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Star-rated appliances worth Rs 2,200 crore sold despite failing tests: CAG

Among these failed models, manufacturers had already marketed 3.93 lakh ACs and 1.48 lakh refrigerators, cumulatively worth about Rs 1,464 crore till December 2015.

Star-rated appliances worth Rs 2,200 crore sold despite failing tests: CAG
CAG also found out that label verification was not carried out by BEE to ensure whether fake star labels were used on products

The Comptroller and Auditor General’s (CAG) latest report said that Rs 2,200 crore worth of air conditioners (ACs) and refrigerators with the government’s ‘star rating’ labels were sold in the market between 2014 and 2018, though these products had failed the check tests for energy efficiency.

In a report tabled in the parliament on Tuesday, CAG noted that though the Bureau of Energy Efficiency (BEE) — the government agency which provides star rating label on appliances such as televisions, ACs and refrigerators as an indicator of energy efficiency standards — planned to check test 1.72% of approved models and actually tested only 0.16% during FY13-18.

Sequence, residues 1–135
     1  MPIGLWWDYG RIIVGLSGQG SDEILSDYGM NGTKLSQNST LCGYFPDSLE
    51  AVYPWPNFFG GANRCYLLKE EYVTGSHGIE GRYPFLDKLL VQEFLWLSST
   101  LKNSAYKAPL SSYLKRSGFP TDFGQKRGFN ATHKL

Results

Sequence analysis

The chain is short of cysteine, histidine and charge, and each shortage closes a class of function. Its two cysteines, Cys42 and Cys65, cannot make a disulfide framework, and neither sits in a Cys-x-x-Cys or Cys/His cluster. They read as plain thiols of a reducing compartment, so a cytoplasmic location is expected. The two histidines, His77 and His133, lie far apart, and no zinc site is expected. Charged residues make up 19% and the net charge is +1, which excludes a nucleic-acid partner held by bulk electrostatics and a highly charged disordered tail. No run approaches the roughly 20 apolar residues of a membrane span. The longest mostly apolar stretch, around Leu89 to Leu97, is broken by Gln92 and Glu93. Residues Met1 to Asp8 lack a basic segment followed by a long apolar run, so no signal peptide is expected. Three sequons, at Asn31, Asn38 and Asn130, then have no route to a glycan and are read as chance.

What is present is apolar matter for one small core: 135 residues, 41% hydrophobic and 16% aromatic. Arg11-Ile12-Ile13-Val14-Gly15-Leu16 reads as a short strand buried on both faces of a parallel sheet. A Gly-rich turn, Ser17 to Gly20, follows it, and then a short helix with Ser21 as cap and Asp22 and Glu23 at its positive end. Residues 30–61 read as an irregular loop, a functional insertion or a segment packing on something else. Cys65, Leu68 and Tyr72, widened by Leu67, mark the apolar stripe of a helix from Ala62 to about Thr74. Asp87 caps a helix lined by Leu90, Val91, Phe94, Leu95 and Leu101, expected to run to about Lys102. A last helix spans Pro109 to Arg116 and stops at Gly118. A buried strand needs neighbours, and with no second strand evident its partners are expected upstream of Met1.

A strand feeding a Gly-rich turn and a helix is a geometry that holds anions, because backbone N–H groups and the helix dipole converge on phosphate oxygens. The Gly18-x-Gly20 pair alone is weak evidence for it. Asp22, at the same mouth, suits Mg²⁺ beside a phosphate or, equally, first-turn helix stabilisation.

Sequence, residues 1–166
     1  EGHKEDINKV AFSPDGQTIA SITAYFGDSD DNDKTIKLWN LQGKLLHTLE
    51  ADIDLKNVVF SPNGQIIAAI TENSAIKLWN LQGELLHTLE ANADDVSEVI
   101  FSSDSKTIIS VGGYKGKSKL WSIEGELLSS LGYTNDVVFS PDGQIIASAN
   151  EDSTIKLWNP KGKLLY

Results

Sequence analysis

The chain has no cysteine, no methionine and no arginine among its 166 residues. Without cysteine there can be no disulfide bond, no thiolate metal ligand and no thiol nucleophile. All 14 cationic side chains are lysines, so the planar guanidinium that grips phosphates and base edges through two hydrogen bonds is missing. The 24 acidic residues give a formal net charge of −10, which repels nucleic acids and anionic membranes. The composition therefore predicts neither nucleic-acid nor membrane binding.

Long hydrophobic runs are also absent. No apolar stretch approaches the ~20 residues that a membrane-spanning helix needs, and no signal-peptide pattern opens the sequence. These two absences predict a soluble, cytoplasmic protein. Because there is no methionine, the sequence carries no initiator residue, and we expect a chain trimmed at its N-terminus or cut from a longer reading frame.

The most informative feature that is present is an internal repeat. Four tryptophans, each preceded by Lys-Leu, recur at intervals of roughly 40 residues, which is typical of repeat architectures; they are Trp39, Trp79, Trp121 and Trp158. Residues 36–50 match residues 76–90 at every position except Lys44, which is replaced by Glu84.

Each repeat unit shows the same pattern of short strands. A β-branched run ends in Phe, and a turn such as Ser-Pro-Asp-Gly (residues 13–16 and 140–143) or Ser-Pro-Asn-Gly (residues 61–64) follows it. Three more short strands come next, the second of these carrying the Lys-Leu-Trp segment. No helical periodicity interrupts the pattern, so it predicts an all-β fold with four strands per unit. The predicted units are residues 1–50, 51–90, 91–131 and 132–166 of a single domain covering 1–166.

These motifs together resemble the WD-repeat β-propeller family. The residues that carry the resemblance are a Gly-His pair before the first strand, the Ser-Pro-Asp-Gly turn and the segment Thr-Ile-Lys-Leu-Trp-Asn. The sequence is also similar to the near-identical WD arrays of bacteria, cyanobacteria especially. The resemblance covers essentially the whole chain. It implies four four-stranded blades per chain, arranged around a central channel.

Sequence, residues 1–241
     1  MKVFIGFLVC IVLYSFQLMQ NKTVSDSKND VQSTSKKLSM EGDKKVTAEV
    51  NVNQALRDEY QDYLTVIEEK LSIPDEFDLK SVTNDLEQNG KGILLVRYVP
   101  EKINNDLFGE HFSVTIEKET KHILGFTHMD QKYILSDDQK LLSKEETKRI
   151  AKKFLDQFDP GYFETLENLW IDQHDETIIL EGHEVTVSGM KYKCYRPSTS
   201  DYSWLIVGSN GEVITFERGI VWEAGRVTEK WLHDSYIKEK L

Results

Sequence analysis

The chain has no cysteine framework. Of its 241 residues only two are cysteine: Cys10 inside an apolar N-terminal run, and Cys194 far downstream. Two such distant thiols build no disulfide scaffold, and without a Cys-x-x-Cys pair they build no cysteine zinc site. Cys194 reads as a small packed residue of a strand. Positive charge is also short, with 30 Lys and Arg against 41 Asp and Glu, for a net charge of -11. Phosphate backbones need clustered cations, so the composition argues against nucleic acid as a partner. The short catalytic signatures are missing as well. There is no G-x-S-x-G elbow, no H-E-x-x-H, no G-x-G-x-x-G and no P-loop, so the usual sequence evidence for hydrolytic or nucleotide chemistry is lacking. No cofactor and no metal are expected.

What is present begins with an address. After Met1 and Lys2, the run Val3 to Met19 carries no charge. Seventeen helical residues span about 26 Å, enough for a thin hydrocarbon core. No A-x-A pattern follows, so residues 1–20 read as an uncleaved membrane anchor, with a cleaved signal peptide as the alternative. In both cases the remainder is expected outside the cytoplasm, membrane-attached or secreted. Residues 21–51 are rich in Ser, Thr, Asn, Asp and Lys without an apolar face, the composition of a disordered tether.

Out of 51 models evaluated in FY13-18, 32 models failed in the first check testing. Interestingly, out of 25 models which failed in the first check testing during FY14, only eight models were taken up for second check testing and out of that, seven models failed again.

Among these failed models, manufacturers had already marketed 3.93 lakh ACs and 1.48 lakh refrigerators, cumulatively worth about Rs 1,464 crore till December 2015.

Similarly, seven models had failed in first check test in FY18 and had not undergone second check test till January, 2019. In this period, 2.46 lakh fridges and 23,752 ACs with faulty star rating—with a total value of Rs 744 crore — had already been sold.

BEE approves star ratings to appliance models after manufacturers submit energy efficiency performance reports from labs registered under the National Accreditation Board for Testing and Calibration Laboratories (NABL).

BEE is supposed to conduct ‘check testing’ of approved models to verify the actual energy efficiency levels of the products. The CAG noted that though BEE is supposed to test at least one sample of registered models every year, it had checked only 12 out of 16,557 models registered during April 2015 to March 2018.

CAG also found out that label verification was not carried out by BEE to ensure whether fake star labels were used on products. The auditor stated that consumers pay high price for the Star label of BEE, and “if the models do not comply with the standard energy consumption levels prescribed by BEE, it would be a loss to the consumers”.

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